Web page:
Does Corporate America Still Have a Bad Reputation?
Harris Interactive, a New York custom market research firm, recently conducted its 14th annual Reputation Quotient Study. The report asked more than 14,000 people to select companies that are most visible to them on a daily basis. The respondents were then asked to rank the top 60 most visible companies by 20 attributes folded into 6 dimensions. Technology remains the highest-rated industry in corporate America, but the number of companies with great reputations continue to decline.
The report is based on attributes such as admire and respect, trust, clear vision, growth prospects, high quality and supports good causes. These can all be difficult to find in major corporations. According to the RQ study, 44 percent say the overall reputation of corporate America is either poor or very poor, while only 28 percent say it is excellent or good. Twenty-three percent of respondents say the overall reputation is fair.
Robert Fronk, executive vice president of reputation management at Harris Interactive, explains in a statement, “The public seem to have become pragmatically realistic with their expectations of corporate America, and we characterize this year’s overall findings as the great muddling of corporate America.”
Very little change this year…
The perceived change in the reputation of corporate America has changed very little year-over-year. In 2013, 36 percent of respondents said reputation stayed the same, compared to 31 percent in 2012.
Thirty percent said the reputation in corporate America declined a little, compared to 31 percent in the previous year. The biggest change was on a positive note, with 19 percent saying the reputation level declined a lot, a 10 percent improvement from 29 percent in 2012.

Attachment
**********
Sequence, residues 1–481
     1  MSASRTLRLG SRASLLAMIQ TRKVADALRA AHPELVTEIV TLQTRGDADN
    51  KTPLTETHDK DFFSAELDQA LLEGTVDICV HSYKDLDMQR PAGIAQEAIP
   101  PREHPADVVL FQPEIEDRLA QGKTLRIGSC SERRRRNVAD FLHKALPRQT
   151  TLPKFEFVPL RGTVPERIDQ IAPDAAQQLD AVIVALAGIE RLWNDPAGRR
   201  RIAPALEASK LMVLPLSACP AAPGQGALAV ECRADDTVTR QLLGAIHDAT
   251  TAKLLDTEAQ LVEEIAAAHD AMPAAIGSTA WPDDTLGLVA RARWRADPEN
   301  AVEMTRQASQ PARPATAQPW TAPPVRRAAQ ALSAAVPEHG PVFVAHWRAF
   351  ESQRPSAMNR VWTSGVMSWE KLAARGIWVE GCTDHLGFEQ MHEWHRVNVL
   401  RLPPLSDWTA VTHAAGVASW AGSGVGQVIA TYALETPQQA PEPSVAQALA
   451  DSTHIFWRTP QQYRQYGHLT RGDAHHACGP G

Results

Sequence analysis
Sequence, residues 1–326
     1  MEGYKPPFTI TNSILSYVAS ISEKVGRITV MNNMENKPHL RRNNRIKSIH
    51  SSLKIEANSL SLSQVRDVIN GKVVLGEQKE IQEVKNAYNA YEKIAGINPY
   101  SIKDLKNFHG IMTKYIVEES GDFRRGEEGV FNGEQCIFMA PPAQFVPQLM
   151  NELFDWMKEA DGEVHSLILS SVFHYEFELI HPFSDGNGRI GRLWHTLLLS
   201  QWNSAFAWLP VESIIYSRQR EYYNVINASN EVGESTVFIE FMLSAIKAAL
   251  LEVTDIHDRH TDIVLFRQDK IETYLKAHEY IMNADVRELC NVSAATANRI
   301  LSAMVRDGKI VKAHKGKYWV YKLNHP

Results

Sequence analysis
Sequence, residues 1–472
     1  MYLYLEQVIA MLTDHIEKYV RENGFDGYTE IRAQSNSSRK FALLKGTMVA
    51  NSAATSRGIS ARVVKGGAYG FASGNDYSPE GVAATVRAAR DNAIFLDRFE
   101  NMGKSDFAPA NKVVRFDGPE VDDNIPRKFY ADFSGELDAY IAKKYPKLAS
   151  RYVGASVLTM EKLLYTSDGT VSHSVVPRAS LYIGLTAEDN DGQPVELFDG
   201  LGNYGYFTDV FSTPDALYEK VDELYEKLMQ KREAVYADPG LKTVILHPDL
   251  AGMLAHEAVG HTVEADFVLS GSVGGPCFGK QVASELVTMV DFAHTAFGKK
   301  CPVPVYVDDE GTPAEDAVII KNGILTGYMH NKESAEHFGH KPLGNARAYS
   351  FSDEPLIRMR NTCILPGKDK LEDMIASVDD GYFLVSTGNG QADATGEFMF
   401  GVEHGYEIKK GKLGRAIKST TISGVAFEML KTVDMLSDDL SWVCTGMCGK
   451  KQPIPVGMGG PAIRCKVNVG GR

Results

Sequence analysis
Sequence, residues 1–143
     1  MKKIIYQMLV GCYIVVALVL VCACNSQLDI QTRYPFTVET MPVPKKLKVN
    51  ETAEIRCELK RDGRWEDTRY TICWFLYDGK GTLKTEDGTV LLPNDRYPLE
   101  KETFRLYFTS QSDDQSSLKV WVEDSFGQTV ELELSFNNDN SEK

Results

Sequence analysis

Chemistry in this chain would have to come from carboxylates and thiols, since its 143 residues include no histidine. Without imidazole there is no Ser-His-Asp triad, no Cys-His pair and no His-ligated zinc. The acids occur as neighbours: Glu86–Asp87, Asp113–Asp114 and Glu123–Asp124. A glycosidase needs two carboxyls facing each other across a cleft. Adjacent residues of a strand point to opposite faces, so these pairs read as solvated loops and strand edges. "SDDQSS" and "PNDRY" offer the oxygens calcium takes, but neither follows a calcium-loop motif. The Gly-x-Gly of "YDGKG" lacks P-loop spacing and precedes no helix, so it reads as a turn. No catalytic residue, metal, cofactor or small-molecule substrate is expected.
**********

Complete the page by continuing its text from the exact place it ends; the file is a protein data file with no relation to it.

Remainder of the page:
The number of great companies are in decline…
Companies with a RQ score above 80 are considered to be excellent. Unfortunately, the number of companies in this category peaked in 2011 at 16. Last year, the list was cut in half to only 8. Now, the excellent list only stands at 6.
Amazon.com (NASDAQ:AMZN), Apple (NASDAQ:AAPL), Disney (NYSE:DIS), Google (NASDAQ:GOOG), Johnson & Johnson (NYSE:JNJ) and Coca-Cola (NYSE:KO) all posted RQ scores above 80 this year. Amazon edged out Apple for the top spot, with a score of 82.62, compared to Apple’s 82.54. It receives nearly 100 percent positive ratings on all measures related to trust. Meanwhile, Google has been rated in the top five for eight consecutive years.
“Our results show that Amazon has managed to build an intimate relationship with the public without being perceived as intrusive,” adds Fronk. “And as the company that is so widely known for its personal recommendations, more than nine in ten members of the public would recommend Amazon to friends and family.”
To little surprise, major financial firms still rank poorly among the public. Goldman Sachs (NYSE:GS) and American International Group (NYSE:AIG) were at the bottom of the reputation list for the second consecutive year, with scores of 49.39 and 48.57, respectively. Bank of America (NYSE:BAC) received a low score of 55.85, but it was the most-improved company compared to the previous year, when it received a score of 49.85.
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